“Our process uses pieces of plastic water, soda pop, and other beverage bottles,” Tongesayi said in an ACS news release. “Coat the pieces with cysteine — that’s an amino acid found in dietary supplements and foods — and stir the plastic in arsenic-contaminated water. This works like a magnet. The cysteine binds up the arsenic. Remove the plastic and you have drinkable water.”

To test the method, cysteine molecules were attached to pieces of plastic cut from water bottles and used to remove arsenic from synthetic water samples in a batch process. The process takes advantage of the affinity of metals and metalloids to thiol groups, the abstract says.

Laboratory testing of this method on water containing 20 ppb of arsenic — which is two times the safe standard set by the U.S. Environmental Protection Agency for drinking water — produced water with 0.2 ppb of arsenic, the news release says.

The technology is designed to use locally available materials and to be straightforward, so that people without technical skills but some training can use it, Tongesayi said in the news release. Discarded plastic bottles often are available in abundance in developing countries, and the application of cysteine does not require complicated technology.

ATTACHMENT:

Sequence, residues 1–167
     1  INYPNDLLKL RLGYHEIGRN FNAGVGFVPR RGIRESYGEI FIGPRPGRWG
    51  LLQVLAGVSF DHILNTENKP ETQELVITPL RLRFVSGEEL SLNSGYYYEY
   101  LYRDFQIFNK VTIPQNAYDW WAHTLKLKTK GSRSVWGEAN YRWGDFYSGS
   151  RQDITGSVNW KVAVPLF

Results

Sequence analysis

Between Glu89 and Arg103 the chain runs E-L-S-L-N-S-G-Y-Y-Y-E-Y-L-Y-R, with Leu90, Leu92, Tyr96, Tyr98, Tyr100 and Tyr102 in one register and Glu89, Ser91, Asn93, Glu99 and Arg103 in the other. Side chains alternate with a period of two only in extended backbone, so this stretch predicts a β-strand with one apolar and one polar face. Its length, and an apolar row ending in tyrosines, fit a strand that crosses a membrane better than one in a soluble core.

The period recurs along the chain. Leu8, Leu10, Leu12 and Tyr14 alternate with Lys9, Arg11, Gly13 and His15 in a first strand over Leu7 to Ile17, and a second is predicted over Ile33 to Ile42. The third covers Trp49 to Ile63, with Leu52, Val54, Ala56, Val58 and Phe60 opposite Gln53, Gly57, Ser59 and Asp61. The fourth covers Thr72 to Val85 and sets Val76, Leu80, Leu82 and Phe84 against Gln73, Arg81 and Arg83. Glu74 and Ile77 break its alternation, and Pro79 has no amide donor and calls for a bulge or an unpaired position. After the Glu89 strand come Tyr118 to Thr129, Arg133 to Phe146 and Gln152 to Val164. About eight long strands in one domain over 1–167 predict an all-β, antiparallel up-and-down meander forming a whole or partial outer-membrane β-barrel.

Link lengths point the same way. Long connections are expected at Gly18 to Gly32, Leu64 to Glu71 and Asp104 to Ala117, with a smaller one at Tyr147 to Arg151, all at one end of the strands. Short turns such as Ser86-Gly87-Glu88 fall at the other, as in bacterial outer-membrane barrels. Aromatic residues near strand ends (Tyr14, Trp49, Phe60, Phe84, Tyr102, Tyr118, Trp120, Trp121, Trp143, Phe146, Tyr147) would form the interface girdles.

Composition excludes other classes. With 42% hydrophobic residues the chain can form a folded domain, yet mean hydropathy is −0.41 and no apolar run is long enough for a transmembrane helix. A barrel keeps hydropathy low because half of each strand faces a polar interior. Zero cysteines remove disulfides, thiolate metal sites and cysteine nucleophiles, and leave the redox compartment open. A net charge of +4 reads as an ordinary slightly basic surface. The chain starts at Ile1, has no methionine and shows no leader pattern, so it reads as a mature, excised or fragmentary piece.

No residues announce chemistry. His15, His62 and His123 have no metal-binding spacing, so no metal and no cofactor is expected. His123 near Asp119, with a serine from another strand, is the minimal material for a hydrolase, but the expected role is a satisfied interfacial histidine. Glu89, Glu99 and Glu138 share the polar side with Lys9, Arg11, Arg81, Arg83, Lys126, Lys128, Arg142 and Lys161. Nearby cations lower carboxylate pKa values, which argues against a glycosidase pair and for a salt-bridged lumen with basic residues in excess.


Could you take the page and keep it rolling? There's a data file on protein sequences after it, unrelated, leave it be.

Tongesayi is working to develop a largescale system using the technology, he said during a news briefing at the ACS meeting. A video of the briefing is accessible at www.ustream.tv/recorded/16989574.

Tongesayi has submitted the technology, which also has the potential to remove other heavy metals from drinking water, for a patent and is seeking funding or a commercial partner to move the arsenic removing process into use quickly, the release says. 

September WER examines sudden increase and regrowth

The September issue of Water Environment Research (WER) reports on how experts tested the effect of several digestion and dewatering processes on the sudden increase and regrowth of fecal coliform and Escherichia coli in anaerobically digested biosolids.